The program focuses on planning ahead by planning backwards, giving the student the chance to save and print a copy of their responses for the teacher to use when writing Transition Plans and Individualized Education Programs. Key questions serve as prompts to elements of a comprehensive plan that can then be embedded into the student’s IEP. This program can be accessed in more than one session, depending on how much the student chooses to expound upon each answer.

This resource is through the Ohio Department of Education.

Download the MyLife Individual Transition Planning Tool (EXE). EXE files are compressed and will decompress once opened.

Download the Read Me First File (DOCX). Microsoft DOCX files can be accessed through the Microsoft Office program or a free, open source software program like Apache Open Office or LibreOffice.


Air Self-Determination Scale

The AIR Self-Determination Scales offer assessment surveys for students, educators and parents that will produce a profile of the student’s level of self-determination, identify areas of strength and areas needing improvement and specific educational goals that can be incorporated into the student’s IEP.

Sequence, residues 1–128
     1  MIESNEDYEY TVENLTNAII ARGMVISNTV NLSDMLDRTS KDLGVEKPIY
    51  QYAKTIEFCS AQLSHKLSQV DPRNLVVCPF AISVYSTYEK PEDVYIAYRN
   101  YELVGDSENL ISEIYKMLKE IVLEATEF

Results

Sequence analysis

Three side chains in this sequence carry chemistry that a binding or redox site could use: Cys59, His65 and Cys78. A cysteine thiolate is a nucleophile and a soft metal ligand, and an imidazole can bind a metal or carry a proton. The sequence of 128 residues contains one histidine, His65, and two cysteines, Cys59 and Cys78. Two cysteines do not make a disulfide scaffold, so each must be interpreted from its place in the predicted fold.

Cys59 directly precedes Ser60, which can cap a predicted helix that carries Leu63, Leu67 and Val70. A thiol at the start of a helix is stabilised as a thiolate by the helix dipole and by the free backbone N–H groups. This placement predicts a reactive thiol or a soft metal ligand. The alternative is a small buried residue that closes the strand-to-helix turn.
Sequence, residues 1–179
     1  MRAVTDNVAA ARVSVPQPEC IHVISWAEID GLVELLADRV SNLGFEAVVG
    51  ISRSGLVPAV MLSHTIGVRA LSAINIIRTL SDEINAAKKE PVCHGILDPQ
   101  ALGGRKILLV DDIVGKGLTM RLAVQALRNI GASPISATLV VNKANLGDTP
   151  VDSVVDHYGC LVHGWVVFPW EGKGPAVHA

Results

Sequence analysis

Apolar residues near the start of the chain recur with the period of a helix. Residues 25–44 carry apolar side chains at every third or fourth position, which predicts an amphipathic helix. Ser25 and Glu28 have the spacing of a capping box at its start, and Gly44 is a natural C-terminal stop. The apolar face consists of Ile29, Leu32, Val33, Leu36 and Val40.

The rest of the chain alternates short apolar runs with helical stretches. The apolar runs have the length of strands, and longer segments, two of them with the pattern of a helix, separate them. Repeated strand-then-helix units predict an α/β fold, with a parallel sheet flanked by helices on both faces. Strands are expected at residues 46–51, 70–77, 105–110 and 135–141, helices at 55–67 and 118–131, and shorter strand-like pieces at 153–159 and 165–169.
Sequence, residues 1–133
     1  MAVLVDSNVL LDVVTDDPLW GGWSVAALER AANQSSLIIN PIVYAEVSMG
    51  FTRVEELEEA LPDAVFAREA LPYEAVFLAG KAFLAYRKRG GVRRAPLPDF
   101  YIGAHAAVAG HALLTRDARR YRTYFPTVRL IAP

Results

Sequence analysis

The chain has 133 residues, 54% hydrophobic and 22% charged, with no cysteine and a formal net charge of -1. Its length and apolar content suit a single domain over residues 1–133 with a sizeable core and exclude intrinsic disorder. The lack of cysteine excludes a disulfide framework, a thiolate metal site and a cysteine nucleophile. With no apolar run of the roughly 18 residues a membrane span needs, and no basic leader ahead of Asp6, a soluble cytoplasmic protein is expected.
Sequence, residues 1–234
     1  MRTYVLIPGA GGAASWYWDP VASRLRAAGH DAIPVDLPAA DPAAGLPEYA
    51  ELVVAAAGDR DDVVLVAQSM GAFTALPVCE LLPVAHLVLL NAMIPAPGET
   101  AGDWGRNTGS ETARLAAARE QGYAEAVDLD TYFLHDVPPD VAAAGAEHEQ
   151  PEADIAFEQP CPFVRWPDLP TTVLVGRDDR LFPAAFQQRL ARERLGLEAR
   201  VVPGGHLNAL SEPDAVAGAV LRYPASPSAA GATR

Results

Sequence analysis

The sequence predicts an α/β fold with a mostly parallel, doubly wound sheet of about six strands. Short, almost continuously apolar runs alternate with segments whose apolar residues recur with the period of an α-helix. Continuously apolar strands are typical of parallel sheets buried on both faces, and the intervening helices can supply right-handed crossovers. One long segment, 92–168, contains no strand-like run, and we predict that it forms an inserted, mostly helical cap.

The American Institutes for Research (AIR), in collaboration with Teachers College, Columbia University in New York City, developed the student, parent and educator versions of the AIR Self-Determination Assessments with funding from the U.S. Department of Education, Office of Special Education Programs.


My Next Move: O*NET Interest Profiler

The O*NET Interest Profiler helps students find out what their interests are and how their interests relate to the world of work using a color-coded survey that includes smiley-face symbols accompanying the numbers to denote level of interest.

My Next Move is sponsored by the U.S. Department of Labor Employment and Training Administration and developed by the National Center for O*NET Development.

This page was updated May 5, 2017